Royalties and Legally Using Music In Your Show

As a follow-up on my post about choosing the right music for show, here's a glance at some of the laws and such regarding using music in your show. The issue is this: Any time music is played publicly the music publisher, and in turn the artist, should be getting paid. If nobody is giving money to one of the rights management organizations to cover your show, somebody could potentially face heavy fines.

I don't like royalty-free music.

There is music available, called such things as "Royalty-Free", "Buy-Out", "Production Music", which allows you to circumvent copyright laws. When you purchase the music you also purchase the rights to use it without paying further royalties. It's very popular for video productions on a budget, and becoming more prominent in the magic show world. My issue is that most of the royalty-free music sounds like royalty-free music. It's often made by synthesizers, and sounds rather thin or cheesy. I very rarely find it inspiring, or the sort of thing I really want to use for my show. Some independent musicians are releasing their music with a "creative commons" license. Depending on the details, it means you can use their music in your show gratis, without royalties, and you don't have to pay for it up-front either. Great deal... if you can find the music you want. Here's a list of places to find creative commons music. Happy hunting! ### How to use "real" music legally

*Disclaimer: I am not a lawyer, or hold any other relevant title that would make this legal advice. Do your own research and due diligence to ensure you are within your rights.*There is a system in place to make sure that the publishers and artists get paid for radio airplay and other public performances of the music they own. In the United States it goes through either BMI or ASCAP, and in Canada the licensing organization is SOCAN. A radio station would pay a blanket fee to BMI/ASCAP, and file a report of thier playlist. The funds are pooled, the play-counts are tallied, and the money is divided accordingly. Music played in any theatre, restaurant, bar, or other public gathering place is also subject to these music licensing fees. As the performer, generally, this licensing is not your responsibility. You cannot get a personal license to cover all your performances. Licenses are paid by a venue to cover all music played within its walls. A professional theatre would pay the monthly fee to cover all the shows that come through. Schools in your area are likely covered by a license paid by the entire school board. The legal concerns come up, however, when you find yourself performing in an ad-hoc venue that does not have a blanket license. If you're using music in your show in such a venue, and your neighbourhood ASCAP enforcement guy drops by, somebody could be paying fines in the thousands or tens of thousands of dollars... per song. This is serious business. I've done my research here in Canada, where SOCAN does offer a one-time-use license for a "comedy or magic show" performance (wherein music is used as background) to the tune of $36.60 per event. (PDF link to license application) If you are the producer of a show in a non-licensed venue, this paperwork will have you covered. BMI/ASCAP (or your country's licensing agency) will have something comparable. So here's what you can do to make sure you're not left holding the bag (of fines). 1. Add a clause into your contract to pass off responsibility. It's up to the producer and/or event planner to ensure the venue has adequate licensing. 2. Check with your venue and ask if they have a blanket license. 3. You could have a royalty-free back-up playlist of different music to use if licensing is not available or plausible. 4. Know how to get your one-time license before it's needed.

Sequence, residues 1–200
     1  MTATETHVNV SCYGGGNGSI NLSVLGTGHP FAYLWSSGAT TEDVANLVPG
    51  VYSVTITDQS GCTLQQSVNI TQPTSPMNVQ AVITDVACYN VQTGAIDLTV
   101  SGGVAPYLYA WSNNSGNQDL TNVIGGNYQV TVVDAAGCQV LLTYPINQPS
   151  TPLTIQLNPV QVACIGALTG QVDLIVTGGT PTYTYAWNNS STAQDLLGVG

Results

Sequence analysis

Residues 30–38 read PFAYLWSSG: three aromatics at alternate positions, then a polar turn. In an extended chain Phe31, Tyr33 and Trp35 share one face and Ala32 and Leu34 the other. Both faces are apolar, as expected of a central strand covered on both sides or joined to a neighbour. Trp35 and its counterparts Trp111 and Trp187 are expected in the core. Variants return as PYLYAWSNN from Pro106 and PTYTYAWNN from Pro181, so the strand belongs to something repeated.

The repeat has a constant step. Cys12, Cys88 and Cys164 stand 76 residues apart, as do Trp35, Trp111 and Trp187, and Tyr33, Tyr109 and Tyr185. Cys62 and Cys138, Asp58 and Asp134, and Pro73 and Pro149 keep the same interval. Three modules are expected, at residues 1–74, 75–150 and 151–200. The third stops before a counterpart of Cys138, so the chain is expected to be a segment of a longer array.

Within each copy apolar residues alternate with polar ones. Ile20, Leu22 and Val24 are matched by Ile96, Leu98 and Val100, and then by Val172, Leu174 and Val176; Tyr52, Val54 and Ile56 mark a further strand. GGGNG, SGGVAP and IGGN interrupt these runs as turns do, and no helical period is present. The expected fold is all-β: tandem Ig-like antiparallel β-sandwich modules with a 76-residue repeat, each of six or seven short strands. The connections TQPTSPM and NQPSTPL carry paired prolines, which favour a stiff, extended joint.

Published: June 29, 2011

Channel: Blog

Access: Public

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